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M’s Notes 2nd Quarter 2012


My friend Jeff ‌ Posted on April 14, 2012 by M Gallery of Fine Art SE

My friend Jeff Hargreaves and I have been hanging around each other on and off for over 30 years...which makes me feel incredibly lucky and incredibly OLD. We have shared businesses, watched our kids grow up, now share a love for paintings. Jeff and his dear wife Ruthie live in Appleton Wisconsin and their families farmed within 60 miles or so of where they now reside. When I first started in business I remember looking at Jeff's illustrations and aching with the sheer beauty of the way he handled lines, form and values. His drawing skills are superb. Now that he has four-plus decades of easel time under his belt, his sense of chroma, edges and just general paint handling have really come into their own and revealed Jeff's internal sense of solidarity and wonderment. I find great joy in his wry humor and profound respect all wrapped in one delightful human being. The paintings simply radiate his values and understanding. A simple bowl translates into comfort food; a lathe raises a barn, a glove not only protects a


hand, but allows firmness of grip and strength of heft. I love the accuracy through which he presents his objects as life lessons, as memories, as stories. I've shared a few of his paintings and corresponding stories below: there are more on our web site. If you can, come in the gallery and view them first hand. Although digital technology is a wonder it cannot capture the beauty found in the depths these paintings.

Artist's Statement: It’s about creating beauty! It’s about showcasing reality in a beautiful and eloquent way. It’s about paint, color, brushstrokes, economy, harmony, and atmosphere. It’s a lifelong pursuit. This collection of paintings ‘Workbenches’ is the result of an idea that I’ve been thinking about for several years. After my Dad past away, us boys split up his personal things. A lot of it was tools, all sorts of tools. Tools I remembering him using almost every weekend to keep the house running. Tools he would use to teach me things, to show me how to fix something. Why something would work and why it would not. Most of this stuff, these tools, he kept in the garage, that’s where he worked … that’s where his workbench was. The very first paintings were collections of my Dad’s tools. Tools I saw him use. But he had tools I never saw him use, not once, but there they were in his garage or stored away somewhere. Tools, that for my Dad, seemed to be out of place. Later, I found out they were from his Dad and his father-in-law. Things they had and used during their careers and that he had inherited. Figuring out why and how these things ended up where they did, taught me a little about all of them. Stuff I didn’t know but am glad for the connection. -Jeff Hargreaves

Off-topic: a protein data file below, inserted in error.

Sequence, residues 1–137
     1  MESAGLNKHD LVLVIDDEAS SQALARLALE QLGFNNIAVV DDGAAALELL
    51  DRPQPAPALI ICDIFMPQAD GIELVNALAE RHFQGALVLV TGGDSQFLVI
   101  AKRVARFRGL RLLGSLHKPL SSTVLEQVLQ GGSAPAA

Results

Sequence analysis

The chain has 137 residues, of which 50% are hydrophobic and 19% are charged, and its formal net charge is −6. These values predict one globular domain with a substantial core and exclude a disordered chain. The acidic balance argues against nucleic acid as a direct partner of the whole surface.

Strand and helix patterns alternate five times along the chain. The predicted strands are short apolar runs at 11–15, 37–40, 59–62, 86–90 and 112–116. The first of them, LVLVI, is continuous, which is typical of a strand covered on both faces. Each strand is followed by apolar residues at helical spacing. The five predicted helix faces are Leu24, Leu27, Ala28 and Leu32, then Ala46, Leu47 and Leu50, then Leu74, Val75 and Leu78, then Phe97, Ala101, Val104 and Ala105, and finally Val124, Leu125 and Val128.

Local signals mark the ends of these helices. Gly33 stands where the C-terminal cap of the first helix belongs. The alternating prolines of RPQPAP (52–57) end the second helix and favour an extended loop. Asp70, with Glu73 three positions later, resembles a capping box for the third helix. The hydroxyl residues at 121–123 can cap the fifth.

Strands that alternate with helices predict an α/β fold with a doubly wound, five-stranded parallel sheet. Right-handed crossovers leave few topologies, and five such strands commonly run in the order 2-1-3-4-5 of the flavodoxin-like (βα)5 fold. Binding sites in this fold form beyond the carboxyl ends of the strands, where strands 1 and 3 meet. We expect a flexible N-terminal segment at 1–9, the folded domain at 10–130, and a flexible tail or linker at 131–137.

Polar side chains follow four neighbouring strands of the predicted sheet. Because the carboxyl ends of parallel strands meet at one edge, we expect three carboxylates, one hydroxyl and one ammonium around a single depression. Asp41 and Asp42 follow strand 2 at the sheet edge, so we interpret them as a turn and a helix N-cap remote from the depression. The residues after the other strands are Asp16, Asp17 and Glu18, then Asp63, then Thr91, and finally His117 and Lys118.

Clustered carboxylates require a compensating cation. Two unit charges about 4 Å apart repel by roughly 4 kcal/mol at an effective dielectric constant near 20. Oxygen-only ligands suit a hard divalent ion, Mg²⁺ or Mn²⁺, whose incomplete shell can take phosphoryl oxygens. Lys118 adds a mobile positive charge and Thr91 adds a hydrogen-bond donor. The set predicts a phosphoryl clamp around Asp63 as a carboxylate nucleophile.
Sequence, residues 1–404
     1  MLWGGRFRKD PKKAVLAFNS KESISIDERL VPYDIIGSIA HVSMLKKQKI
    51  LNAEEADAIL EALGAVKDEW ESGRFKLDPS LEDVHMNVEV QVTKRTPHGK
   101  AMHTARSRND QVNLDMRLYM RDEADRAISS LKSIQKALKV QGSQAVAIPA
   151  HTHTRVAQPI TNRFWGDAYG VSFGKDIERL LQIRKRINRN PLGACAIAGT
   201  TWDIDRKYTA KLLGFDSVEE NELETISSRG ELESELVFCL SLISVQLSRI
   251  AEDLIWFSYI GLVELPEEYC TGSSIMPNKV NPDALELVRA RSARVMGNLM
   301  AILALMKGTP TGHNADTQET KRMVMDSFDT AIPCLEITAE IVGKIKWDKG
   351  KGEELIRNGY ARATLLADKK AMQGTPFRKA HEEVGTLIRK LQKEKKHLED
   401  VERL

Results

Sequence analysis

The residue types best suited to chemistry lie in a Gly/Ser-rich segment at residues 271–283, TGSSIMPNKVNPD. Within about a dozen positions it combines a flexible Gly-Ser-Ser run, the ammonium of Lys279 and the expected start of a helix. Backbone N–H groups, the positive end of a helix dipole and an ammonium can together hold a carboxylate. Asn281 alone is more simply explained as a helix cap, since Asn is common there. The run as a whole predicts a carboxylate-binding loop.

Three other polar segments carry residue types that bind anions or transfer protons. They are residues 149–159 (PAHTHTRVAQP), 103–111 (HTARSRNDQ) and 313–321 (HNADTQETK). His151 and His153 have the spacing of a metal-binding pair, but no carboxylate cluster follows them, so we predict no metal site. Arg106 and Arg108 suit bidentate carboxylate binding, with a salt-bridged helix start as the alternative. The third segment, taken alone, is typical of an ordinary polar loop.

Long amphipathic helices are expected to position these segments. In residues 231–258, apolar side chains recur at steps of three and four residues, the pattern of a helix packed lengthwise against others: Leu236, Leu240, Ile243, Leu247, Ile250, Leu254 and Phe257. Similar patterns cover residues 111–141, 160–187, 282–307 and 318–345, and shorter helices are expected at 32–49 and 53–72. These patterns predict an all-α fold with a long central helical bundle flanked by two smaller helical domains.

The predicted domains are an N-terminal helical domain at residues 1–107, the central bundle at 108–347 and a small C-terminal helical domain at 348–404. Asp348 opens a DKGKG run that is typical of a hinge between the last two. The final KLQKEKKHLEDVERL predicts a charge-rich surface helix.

Handell’s Masterworks Posted on April 27, 2012 by M Gallery of Fine Art SE

Albert Handell, Within the Forest, Oil on Gesso Panel, 30"H x 24"W

“Wanted to share this exciting painting I recently completed of one of my favorite subjects…TREES!! Notice the beautiful variety of rich greens through-out the painting. I am delighted it has been slated to run for a forth-coming ad in FINE ART CONNOISSEUR publication by my Charleston gallery: THE M GALLERY OF FINE ART.” -Albert Handell


Albert Handell, Canyon, Pastel, 16"H x 20"W